On Tuesday, Sept. 12, this reporter spent the day bumping elbows with billionaire investors at CNBC and Institutional Investor's Delivering Alpha conference in New York.

The day-long event featured some major names, including Treasury Secretary Steven Mnuchin, Blackstone Group's (BX) Stephen Schwarzman, Bridgewater's Ray Dalio and JPMorgan Chase & Co. (JPM) CEO Jamie Dimon. 

Here are several top tips learned from the storied speakers.

1. Tax reform is coming, and soon.

Tax reform has become a "pass/fail" exercise under which any legislation would signal a win for the Trump administration, but a bill will come by the end of the year, Treasury Secretary Steven Mnuchin said.

"We need to make this system competitive," the former Goldman Sachs (GS) executive said. President Trump had widely advertised his goal of a 15% corporate tax rate throughout his campaign and in the months since he was elected -- a goal that Mnuchin isn't sure will be possible.

"I don't know if we'll be able to achieve that," Mnuchin said. But since tax reform hasn't been passed in some 30 years, any legislation would be a win for the Trump administration, regardless of specific rates.

Steve Mnuchin, Treasury Secretary.
Steve Mnuchin, Treasury Secretary.

2. Trump's CEO councils never stood a chance after Charlottesville.

CEOs on President Trump's business councils were pressured by both customers of their firms and shareholders to back out of the council following Trump's comments -- or lack thereof -- following events that rocked Charlottesville, Virginia, last month, said Blackstone Group (BX) CEO Stephen Schwarzman.

Schwarzman, who led one of President Trump's CEO leadership councils, was said to have worked to hold the group together during the time it disbanded, along with former General Electric (GE) CEO Jack Welch. But Schwarzman made it clear there was really never an option to hold onto the group, regardless of whether he supported it or not.

"Virtually anyone running a public company in that group could not deal with the pressure from their constituents," Schwarzman said. "They were under astonishing pressure. I was accused by people for being a Nazi. I'm Jewish," Schwarzman said.

"We [voted] alphabetically. By the time you got to W, it didn't much matter," Schwarzman said of rumors he and Welch were two strongholds in Trump's camp.

Stephen Schwarzman, Blackstone.
Stephen Schwarzman, Blackstone.

3. The stock market is valued high, and it's the Fed's fault.

Tiger Management CEO and billionaire investor Julian Robertson said the market is valued "very high," and it's due in large part to inaction from the Federal Reserve. "It's the Federal Reserve's fault, and the Federal Feserves all over the world," Robertson said.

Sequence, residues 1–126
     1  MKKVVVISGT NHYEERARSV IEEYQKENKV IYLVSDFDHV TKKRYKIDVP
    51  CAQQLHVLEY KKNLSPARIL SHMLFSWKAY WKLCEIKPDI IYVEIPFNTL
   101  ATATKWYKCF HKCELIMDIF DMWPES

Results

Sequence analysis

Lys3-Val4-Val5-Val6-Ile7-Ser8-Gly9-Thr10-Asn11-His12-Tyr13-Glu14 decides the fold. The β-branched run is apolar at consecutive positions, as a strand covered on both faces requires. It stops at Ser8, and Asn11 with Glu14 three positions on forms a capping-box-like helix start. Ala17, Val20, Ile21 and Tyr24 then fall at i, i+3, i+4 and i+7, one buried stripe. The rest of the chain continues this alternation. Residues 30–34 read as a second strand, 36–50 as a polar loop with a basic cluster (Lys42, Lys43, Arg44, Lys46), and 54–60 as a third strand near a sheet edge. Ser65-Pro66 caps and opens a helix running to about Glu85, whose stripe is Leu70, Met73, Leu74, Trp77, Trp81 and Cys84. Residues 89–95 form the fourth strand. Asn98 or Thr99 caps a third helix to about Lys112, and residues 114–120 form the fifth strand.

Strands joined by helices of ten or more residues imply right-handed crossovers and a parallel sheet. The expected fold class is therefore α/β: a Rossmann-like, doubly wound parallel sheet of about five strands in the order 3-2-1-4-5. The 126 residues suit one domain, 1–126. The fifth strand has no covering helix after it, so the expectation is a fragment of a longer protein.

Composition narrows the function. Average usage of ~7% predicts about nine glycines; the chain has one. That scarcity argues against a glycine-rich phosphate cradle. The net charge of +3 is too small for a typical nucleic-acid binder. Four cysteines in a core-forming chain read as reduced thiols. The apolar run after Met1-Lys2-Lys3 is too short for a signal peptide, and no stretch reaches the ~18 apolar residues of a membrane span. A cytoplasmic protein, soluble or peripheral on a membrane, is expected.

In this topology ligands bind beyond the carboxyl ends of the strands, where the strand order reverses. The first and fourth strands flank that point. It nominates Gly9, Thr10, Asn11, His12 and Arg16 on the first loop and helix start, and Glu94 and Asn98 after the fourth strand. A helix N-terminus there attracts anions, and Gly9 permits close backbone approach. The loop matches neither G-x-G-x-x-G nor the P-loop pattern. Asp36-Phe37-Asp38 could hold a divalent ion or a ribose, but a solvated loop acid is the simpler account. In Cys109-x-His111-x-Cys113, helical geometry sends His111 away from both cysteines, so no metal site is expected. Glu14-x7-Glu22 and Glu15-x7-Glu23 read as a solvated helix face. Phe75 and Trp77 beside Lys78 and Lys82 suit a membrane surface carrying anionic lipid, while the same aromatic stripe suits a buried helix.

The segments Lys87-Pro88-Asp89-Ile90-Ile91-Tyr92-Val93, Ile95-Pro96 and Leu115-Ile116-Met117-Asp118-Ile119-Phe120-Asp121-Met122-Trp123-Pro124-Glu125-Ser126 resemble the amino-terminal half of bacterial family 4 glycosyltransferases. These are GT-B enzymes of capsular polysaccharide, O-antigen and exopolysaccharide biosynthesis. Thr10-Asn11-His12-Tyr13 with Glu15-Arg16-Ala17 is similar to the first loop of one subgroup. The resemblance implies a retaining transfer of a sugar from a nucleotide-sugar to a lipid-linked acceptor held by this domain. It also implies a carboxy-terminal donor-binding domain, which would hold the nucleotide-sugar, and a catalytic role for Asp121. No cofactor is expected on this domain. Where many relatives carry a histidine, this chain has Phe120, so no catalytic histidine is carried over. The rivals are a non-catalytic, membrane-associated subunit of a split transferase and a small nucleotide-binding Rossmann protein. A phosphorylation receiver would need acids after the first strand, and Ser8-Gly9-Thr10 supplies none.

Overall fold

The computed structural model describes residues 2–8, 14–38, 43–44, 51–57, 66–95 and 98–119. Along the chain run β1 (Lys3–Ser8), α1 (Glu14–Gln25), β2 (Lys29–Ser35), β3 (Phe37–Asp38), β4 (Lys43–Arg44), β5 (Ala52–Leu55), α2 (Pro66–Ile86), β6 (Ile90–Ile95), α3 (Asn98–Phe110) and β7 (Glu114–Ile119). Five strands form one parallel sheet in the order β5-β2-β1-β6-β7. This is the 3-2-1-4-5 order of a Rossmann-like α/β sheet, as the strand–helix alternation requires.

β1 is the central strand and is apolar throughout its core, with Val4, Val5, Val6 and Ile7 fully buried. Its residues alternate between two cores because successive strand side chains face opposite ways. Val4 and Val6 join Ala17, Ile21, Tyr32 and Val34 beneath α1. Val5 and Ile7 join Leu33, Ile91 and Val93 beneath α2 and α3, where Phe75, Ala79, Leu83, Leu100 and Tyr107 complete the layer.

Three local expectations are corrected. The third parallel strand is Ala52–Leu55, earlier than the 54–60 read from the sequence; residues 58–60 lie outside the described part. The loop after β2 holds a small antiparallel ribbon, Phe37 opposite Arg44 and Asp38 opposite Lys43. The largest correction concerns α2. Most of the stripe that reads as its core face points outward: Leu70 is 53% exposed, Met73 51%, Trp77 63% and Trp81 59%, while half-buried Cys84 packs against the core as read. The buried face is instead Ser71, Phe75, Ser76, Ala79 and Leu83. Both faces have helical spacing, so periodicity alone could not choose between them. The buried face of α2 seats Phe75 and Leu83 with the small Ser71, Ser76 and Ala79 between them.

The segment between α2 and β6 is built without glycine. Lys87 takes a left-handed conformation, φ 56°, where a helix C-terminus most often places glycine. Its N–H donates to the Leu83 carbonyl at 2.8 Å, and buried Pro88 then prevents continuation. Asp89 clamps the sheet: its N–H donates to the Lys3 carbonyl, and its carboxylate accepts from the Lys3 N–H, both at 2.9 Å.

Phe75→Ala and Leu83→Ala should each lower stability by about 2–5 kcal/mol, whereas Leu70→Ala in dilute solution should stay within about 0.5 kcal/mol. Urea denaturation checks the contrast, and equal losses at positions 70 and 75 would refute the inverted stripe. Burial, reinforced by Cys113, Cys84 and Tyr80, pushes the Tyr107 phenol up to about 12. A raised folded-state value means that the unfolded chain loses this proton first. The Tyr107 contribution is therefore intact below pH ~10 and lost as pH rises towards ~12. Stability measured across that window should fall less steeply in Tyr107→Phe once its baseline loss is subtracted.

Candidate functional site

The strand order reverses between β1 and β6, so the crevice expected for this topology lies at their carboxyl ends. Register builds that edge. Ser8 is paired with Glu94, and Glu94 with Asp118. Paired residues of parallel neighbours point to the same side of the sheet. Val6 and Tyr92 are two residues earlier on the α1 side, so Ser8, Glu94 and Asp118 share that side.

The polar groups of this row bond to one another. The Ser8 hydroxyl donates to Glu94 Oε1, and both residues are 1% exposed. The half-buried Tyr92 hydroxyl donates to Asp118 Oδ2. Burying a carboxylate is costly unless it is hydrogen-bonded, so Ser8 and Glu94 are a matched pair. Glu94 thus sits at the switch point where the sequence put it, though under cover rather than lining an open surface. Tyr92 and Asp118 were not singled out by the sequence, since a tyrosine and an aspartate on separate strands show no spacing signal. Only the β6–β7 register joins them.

"The market as a whole is quite high on a historic basis ... interest rates are so low that there's no real competition for the money other than art and real estate," Robertson said.

Even in his criticism of the Fed's policy, Robertson said he predicts Fed chairwoman Janet Yellen will "probably be asked to stay on for a while."

Julian Robertson, Tiger Management.
Julian Robertson, Tiger Management.

4. This economic environment is eerily similar to the late 1930s -- so get ready for policy tightening.

Today's economic environment is similar to the investor sentiment around 1937, signaling the possible beginning of policy tightening, billionaire Ray Dalio, chairman and chief investment officer at investment firm Bridgewater Associates, said.

Not even Berkshire Hathaway's  (BRK.A) (BRK.B)  87-year-old Warren Buffett was investing back then. 

There's a lot of tension in the bottom 60% of the economy, Dalio noted. That could lead to a resurgence of populism as global conflict escalates. The wealth gap and social conflicts rank among Dalio's chief concerns in the market.

Ray Dalio, Billionaire investor.
Ray Dalio, Billionaire investor.

5. Artificial intelligence could recruit more competitively than the NFL.

Leading artificial intelligence firms' market cap is going to "absolutely, positively" represent five to 10 times the market cap of today's consumer internet and social media giants, Breyer Capital CEO Jim Breyer said. 

Even if AI becomes an enemy of humanity once it reaches our level of intelligence, we've got decades before that could happen. The median year of 2050 is generally considered the year at which AI could possibly meet human intelligence, Breyer said.

For now, investors need to focus on the competition for top talent in computer engineering and artificial intelligence. "There's great risk," that another country could overcome the U.S. in the race to the top for AI talent.

Although U.S. firms such as Facebook, Amazon.com Inc. (AMZN) and Apple Inc. (AAPL) still have the best of the best when it comes to AI, China represents half the most interesting AI investment opportunities in the world, Breyer said.

Amid that hefty competition, the cream of the crop in AI are commanding "NFL-like" salaries in a stiff competition for talent. Could we now start comparing post-doc engineers and PhD students from MIT and Stanford with Tom Brady? Breyer sees it as possibility.

Jim Breyer, Breyer Capital.
Jim Breyer, Breyer Capital.

And an extra tip...

Don't worry if you think you spend too much time watching Netflix (NFLX) . Tiger's Robertson is worth $4.3 billion, and he said he watches plenty on the streaming service. "Does anybody really not like Netflix?" Robertson asked. "That's like saying you hate Santa Claus."

Apple and General Electric are holdings in Jim Cramer's Action Alerts PLUS Charitable Trust Portfolio. Want to be alerted before Cramer and the AAP team buy or sell AAPL and GE? Learn more now.

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